The guess here is that Livers doesn’t start in such a hostile environment, but that Beilein won’t hesitate to turn to his freshman forward even quicker than normal against Michigan State’s big, talented frontcourt of Miles Bridges, Jaren Jackson, and Nick Ward.
Wagner had to this to say about his foot: “It’s more mental to be honest with you. You have something to think about on the court, one thing more, which is obviously not a good thing. It’s kind of a distraction. You calculate every movement a little more. You’re a little more alert about your body, which can be good but when it’s about moving it’s not good. It’s a little annoying, but I guess it’s part of it.”
Beilein was asked if there was a new injury and responded, “I’m not at liberty to say.”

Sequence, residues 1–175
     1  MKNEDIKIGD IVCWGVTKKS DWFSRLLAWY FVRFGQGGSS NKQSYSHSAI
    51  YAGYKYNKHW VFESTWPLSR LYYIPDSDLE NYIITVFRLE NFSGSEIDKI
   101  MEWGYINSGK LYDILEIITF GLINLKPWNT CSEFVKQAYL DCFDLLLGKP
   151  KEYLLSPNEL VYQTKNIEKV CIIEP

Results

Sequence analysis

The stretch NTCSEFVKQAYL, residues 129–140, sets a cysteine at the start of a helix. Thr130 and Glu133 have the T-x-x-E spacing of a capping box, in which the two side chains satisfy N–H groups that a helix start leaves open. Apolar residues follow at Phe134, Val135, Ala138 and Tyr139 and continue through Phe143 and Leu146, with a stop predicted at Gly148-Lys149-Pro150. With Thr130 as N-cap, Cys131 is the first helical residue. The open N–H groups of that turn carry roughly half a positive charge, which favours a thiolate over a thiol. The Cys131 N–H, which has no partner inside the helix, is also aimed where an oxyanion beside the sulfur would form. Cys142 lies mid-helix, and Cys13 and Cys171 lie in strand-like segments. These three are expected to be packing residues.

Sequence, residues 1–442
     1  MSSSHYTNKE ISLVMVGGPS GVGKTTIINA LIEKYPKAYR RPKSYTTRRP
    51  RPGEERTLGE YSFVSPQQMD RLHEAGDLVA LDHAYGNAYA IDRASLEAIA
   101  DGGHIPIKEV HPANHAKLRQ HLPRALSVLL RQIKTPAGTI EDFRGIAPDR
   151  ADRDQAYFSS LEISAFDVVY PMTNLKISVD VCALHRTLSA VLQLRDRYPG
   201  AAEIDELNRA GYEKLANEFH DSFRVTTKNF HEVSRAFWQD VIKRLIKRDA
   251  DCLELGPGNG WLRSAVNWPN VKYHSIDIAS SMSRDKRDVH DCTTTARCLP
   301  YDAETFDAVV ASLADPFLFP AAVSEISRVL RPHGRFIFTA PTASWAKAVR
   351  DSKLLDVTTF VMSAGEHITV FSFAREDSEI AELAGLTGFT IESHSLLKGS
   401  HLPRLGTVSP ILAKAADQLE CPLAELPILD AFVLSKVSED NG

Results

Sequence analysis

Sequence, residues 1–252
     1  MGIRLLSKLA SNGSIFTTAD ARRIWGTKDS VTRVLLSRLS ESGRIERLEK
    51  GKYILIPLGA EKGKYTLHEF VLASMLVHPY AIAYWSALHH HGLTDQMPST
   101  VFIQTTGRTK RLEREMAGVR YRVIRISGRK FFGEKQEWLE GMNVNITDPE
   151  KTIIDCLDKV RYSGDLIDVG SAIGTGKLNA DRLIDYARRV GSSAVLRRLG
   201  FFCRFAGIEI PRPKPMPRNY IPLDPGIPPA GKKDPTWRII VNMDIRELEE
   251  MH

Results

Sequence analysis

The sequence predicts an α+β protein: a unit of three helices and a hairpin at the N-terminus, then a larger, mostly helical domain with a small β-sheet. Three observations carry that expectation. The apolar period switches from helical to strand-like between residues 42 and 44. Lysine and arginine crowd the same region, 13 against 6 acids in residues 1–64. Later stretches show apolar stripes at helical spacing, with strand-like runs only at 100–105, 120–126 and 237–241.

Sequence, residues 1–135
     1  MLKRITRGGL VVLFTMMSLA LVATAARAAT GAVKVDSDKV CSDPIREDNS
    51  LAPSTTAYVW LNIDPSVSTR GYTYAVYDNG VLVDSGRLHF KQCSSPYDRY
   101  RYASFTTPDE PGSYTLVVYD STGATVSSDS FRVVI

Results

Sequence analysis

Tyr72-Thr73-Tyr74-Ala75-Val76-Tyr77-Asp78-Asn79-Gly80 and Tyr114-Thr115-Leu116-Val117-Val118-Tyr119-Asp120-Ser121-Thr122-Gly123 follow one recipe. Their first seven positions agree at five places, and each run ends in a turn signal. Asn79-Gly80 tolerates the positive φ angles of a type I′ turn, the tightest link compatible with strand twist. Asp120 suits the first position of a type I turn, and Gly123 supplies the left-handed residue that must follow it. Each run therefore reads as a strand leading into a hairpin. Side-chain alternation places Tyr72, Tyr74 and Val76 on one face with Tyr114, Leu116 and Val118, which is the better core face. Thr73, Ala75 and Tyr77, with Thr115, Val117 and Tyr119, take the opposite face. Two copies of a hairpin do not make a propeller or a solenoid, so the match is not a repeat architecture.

“We’re not going to judge our season’s success whether it’s one game or two games,” Beilein said. “We’re going to judge it on, ‘Did we compete for the Big Ten championship? Did we make the NCAA Tournament? And who’s playing last at the end of the year? Are we one of the Big Ten teams?’ … We’re not going to judge it on, ‘Did we beat this team or beat that team?’ In basketball I think that would be the wrong way to judge your season.”
Beilein said he believes Michigan State is the best team in the country. On top of that, the Breslin Center can be a powerful sixth man. Beilein called it “one of the more festive atmospheres in the Big Ten” and he’s interested to see how his younger players handle it. “If those three freshmen are out there playing, how are they going to react?”